Mental Toughness and Killer Instinct
With Ken Climo

We all know a player must develop a certain amount of physical skill to have an edge in competition. In Disc Golf there are the basics on must master to be competitive: grip, smooth swing, a coordinated step-up, etc. Once a solid level of physical skills has been achieved, I would estimate the mental game comprises at least 75% of the total package of what a player brings to the course. The point I'd like to make here is the difference between the mental game and golf mentality.

The mental game is thinking, wondering and sometimes wishing things would go your way. It also plays a part after bad throws or unfortunate bounces add to your score. The most important aspect to remember about the mental game is once something has happened, it cannot be changed. Get it out of your head and begin focusing on your next shot.
On the other hand, possessing a good golf mentality can predetermine the course of events. For example, when your game is going bad, trying harder is not the answer. Trying smarter is. If you have watched professional golfers on television you will notice that when they miss putts they usually end up very close to the cup. We play the same game, it just happens to be with flying discs. The basic object is to get closer to the target with every shot and eventually into the target. You're going to have bad rounds, but how you deal with those rounds can make a bad round simply bad or a true nightmare.

You probably won't see ball golfers putting from 20 feet, missing, and running 20 feet pass the cup. Not so in Disc Golf. How many times have you seen a disc golfer three putt because his or her second putt was actually more difficult than their first? This is where golf mentality comes in. Developing touch, which includes distance, accuracy and speed, will enable a player to play aggressive and smart.

Okay, you've made your disc selection and it's your turn to throw. You're standing on the tee pad. What's going through your head? If you're thinking about making a deuce or putting the disc in a specific place, think again. The pre-shot routine is not the place to be thinking about outcome. After you release the disc, then think about outcome. Try to put thoughts of outcome out of your mind, while intently focusing on the process of a successful release.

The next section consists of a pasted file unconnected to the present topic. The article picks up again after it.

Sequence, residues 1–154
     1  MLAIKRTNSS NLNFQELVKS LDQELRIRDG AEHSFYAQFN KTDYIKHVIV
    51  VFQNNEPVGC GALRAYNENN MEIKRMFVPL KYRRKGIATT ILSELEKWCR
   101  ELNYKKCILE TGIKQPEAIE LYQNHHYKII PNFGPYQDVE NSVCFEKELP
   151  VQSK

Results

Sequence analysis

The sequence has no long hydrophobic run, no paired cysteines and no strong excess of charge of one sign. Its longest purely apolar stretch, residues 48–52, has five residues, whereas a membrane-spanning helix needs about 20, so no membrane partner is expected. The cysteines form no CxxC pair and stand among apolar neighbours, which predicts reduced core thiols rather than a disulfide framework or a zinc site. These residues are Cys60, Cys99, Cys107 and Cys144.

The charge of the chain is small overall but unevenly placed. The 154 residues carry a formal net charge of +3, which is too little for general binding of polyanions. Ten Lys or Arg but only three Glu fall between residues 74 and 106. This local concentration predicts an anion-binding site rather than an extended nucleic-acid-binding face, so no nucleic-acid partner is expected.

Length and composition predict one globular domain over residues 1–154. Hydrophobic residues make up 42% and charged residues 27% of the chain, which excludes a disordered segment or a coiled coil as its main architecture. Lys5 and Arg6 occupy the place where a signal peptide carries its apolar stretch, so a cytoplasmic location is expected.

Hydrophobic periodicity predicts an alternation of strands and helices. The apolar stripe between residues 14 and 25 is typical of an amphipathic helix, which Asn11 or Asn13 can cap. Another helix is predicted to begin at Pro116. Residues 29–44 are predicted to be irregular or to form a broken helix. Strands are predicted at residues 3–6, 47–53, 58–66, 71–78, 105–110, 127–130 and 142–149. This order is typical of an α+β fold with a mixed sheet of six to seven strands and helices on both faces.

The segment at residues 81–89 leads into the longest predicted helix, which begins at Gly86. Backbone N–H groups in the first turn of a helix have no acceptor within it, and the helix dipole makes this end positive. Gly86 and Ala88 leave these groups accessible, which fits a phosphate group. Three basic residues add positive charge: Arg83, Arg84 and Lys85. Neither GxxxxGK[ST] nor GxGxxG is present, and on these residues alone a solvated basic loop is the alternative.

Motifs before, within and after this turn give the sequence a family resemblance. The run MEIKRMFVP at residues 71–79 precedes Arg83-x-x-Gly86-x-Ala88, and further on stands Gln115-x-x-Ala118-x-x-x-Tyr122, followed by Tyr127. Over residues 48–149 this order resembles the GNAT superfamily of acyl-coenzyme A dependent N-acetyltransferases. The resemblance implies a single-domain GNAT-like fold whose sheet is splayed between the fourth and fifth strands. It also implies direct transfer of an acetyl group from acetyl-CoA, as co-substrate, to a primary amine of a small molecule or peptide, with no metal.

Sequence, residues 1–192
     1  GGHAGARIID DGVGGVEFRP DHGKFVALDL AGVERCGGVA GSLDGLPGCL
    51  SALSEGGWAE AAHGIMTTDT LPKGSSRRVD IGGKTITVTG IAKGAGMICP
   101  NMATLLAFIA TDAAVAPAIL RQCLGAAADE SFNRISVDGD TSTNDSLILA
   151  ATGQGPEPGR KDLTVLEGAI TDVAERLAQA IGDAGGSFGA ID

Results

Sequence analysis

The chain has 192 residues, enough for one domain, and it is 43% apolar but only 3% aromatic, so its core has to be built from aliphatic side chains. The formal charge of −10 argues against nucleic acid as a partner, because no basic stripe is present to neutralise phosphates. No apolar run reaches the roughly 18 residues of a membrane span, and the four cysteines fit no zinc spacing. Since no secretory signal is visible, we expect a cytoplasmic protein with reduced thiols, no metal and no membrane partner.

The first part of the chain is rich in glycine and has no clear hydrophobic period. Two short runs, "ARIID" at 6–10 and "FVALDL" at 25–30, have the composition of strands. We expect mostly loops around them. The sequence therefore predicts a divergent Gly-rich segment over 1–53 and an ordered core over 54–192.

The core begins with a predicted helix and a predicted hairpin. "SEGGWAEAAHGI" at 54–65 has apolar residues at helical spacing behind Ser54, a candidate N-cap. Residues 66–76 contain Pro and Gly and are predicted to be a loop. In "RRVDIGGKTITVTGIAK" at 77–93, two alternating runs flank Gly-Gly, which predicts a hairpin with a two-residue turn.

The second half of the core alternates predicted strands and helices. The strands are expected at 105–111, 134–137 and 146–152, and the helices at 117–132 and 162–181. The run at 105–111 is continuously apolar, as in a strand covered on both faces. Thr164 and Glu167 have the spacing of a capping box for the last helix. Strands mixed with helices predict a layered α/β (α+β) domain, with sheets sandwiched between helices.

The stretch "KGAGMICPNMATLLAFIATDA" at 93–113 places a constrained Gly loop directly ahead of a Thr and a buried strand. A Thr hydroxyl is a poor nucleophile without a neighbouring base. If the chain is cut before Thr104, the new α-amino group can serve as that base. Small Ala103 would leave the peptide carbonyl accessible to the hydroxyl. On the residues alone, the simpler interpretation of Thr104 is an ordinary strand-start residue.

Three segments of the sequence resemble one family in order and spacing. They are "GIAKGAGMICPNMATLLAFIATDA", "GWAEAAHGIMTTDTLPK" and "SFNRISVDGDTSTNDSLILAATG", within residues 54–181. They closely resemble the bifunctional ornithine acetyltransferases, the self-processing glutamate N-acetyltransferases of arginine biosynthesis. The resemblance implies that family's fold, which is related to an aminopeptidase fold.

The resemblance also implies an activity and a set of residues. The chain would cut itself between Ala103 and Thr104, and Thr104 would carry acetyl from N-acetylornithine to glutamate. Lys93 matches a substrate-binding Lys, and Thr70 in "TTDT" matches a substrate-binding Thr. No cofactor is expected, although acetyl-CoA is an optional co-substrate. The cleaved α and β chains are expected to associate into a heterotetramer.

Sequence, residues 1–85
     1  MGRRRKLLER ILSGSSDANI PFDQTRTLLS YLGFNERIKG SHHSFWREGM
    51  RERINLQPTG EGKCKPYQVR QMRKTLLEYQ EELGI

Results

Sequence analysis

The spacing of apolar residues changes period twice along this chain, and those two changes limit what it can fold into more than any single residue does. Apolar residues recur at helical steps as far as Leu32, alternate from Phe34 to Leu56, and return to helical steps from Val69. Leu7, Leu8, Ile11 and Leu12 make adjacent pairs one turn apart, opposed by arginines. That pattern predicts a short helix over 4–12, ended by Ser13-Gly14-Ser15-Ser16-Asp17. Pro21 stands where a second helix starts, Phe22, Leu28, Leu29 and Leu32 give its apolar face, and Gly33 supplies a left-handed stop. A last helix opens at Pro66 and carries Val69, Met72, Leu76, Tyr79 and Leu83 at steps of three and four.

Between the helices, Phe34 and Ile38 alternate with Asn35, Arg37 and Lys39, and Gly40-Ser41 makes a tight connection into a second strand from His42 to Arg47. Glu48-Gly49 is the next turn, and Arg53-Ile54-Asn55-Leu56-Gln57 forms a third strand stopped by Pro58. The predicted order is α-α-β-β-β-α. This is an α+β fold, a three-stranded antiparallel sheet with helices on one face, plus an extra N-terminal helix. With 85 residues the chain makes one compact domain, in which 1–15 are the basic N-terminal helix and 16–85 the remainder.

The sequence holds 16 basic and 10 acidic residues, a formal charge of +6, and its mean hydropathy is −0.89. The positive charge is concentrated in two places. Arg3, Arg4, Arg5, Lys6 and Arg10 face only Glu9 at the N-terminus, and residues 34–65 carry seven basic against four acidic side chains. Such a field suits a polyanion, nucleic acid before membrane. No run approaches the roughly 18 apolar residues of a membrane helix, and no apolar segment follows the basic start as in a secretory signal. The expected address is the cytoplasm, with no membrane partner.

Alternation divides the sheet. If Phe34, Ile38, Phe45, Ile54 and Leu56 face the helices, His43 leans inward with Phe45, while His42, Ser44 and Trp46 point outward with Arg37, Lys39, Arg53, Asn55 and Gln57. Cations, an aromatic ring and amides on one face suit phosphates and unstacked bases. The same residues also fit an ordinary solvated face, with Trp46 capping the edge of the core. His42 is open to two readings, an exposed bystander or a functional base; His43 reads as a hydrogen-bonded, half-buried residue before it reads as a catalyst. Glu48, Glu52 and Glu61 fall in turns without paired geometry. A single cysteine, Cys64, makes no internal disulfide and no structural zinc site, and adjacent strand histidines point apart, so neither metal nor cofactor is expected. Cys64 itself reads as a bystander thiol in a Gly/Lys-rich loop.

When I am at my best and all the mental stages are clicking, I develop a killer instinct. Knowing where and how to throw becomes second nature through the help of a well developed pre-shot routine. Keep it simple, factoring in the basics such as trees, wind, O.B. and turf. You can control the process, and ultimately, the process controls the outcome.

Have the will to be disciplined. Do the same things consistently before every attempt. Most of all, stick with it. Don't change the minute things start to go sour. This change requires a commitment. It is the true definition of golf mentality.
Finally, the killer instinct is knowing when to hold them or when to fold them - i.e. when to go for it or when to lay up. You must develop this through past experiences. Draw on your knowledge of percentages, upon making or attempting to make a desired throw. This theory will aid tremendously in building your killer instinct to the point of a sixth sense.


Handling Pressure

There is no need to get worried until the final hole. It's all about scoring. I don't know what the miraculous secret is to scoring low every round. I might have a couple mediocre rounds in the beginning. Those are my bad rounds and then I can expect to play more solid golf. It's putting it all together hole after hole after hole. It's doing it under pressure, after someone's thrown a great shot under the basket.

I'm very competitive and don't like to lose. I can accept losing if I played well but have a hard time accepting not playing well.

I can get down on myself to bring the fire back(albeit short lived). You have to get serious and say, "Come on now, the next one has got to be right." You cannot lose you focus and have it negatively effect your play.